RUBY-THROATED HUMMINGBIRD (Archilochus colibris)
Hummingbirds are the smallest of birds, and the ruby-throated hummingbird is the only one of its family to visit PEI in the summer. It is a late comer and an early goer too, probably for lack of food in its breeding area, but also because of the long journey between its wintering area and its summer range (including some 900 miles or 1,450 km nonstop across the Gulf of Mexico). For more information on its migration see the Texas page on this website.
In recent years, there has been a lot of interest in providing nectar-rich plants for hummingbirds in gardens, as well as offering them, at the beginning of the season before nectar producing flowers are in bloom, artificial nectar in specially designed feeders, which allow them to sip the syrup with their long, slender bills.
The throat of the male ruby-throated hummingbird is actually black, as can be seen below, but it displays a red iridescence in the sun, depending on the light orientation. Otherwise the sexes are similar, with green on top and white undersides mainly. A unique feature in the bird world that hummingbirds possess is their capacity to fly like insects, i.e. backwards, sideways, and vertically, while ‘humming’ with their wings, which are barely visible in flight.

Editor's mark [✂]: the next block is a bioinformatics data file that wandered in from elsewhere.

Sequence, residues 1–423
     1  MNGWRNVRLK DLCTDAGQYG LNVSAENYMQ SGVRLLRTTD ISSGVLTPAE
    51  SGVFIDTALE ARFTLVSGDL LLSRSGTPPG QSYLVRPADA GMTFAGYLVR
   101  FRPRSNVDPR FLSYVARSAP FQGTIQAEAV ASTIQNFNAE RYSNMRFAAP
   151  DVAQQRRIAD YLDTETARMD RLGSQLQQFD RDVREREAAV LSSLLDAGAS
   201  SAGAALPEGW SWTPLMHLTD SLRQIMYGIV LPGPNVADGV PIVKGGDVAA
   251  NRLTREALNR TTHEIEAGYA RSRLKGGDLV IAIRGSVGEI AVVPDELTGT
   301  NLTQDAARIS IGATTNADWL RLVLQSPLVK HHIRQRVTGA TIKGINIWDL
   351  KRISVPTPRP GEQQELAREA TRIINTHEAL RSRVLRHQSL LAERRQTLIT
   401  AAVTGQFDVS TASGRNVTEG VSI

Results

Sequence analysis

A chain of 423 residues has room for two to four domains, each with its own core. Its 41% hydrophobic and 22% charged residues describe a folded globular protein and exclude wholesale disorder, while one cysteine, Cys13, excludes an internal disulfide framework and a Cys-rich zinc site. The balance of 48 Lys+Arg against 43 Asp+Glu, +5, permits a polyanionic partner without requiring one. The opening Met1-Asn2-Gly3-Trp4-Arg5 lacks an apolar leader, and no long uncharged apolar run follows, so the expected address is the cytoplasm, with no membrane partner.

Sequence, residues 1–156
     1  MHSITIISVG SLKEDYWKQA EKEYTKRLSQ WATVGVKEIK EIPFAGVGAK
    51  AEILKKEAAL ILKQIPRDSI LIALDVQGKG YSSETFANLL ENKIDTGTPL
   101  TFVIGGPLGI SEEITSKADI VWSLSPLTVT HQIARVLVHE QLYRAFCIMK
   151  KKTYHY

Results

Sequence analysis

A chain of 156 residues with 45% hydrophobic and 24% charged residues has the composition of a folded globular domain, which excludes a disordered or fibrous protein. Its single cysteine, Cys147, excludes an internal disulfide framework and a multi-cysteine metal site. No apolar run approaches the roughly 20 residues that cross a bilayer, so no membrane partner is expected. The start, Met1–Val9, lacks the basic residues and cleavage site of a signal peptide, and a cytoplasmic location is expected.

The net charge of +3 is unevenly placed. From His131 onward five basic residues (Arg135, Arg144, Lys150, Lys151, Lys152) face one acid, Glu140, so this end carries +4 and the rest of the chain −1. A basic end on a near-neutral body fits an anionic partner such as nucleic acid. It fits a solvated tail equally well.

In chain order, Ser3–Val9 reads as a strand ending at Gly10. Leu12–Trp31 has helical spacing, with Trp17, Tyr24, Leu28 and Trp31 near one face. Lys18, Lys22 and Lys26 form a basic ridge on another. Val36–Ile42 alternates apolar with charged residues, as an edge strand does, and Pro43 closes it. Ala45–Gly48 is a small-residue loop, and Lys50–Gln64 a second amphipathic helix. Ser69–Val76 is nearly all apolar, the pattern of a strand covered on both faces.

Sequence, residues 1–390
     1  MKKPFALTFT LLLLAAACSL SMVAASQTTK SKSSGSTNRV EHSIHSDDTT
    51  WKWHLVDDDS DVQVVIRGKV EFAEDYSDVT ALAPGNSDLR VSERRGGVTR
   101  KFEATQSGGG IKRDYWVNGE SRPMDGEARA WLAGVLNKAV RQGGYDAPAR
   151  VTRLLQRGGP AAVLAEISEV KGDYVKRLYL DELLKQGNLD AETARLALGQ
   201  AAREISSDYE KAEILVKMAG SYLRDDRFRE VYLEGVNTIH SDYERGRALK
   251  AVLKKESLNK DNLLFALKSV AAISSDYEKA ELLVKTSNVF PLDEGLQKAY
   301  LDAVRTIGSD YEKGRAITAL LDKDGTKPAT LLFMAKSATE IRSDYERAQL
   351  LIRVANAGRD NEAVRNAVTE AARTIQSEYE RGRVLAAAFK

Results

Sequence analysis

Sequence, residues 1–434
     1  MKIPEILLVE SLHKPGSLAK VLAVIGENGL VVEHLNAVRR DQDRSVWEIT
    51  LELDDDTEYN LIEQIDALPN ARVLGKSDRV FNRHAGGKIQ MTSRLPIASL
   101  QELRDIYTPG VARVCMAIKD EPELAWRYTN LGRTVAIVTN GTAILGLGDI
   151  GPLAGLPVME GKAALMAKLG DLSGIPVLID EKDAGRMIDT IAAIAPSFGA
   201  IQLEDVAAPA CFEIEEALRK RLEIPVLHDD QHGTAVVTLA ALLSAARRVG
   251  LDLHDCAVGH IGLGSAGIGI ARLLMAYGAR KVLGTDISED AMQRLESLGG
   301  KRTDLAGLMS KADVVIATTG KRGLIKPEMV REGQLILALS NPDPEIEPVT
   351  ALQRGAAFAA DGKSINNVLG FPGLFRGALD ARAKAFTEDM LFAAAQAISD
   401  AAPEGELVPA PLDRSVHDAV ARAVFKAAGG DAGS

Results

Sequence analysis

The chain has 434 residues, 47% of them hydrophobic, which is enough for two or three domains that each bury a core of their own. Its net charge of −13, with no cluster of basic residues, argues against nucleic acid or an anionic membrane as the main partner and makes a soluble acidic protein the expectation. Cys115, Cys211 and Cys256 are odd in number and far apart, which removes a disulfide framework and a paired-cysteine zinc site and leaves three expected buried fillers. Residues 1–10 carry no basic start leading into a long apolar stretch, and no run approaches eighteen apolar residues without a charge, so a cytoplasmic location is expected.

PREDATION: Adult hummingbirds are generally too nimble to be predated upon, but the same can’t be said for their young. A study has shown that praying mantises can successfully catch adults, often while they’re drinking at nectar feeders installed for them by humans. The irony is that those insects are used in gardens as a pest control.
Conservation: The ruby-throated hummingbird is apparently not the only hummingbird to breed in Canada. There are banding programs to help in their conservation, and one such banding session was held in PEI in July 2017.
The first video below shows a male ruby-throated hummingbird at the nectar feeder, with the ‘ruby’ reflections of its throat clearly visible when it moves.
The next video shows a slight pumping movement of its body when the bird drinks the nectar. The tip of its tongue is also visible at times.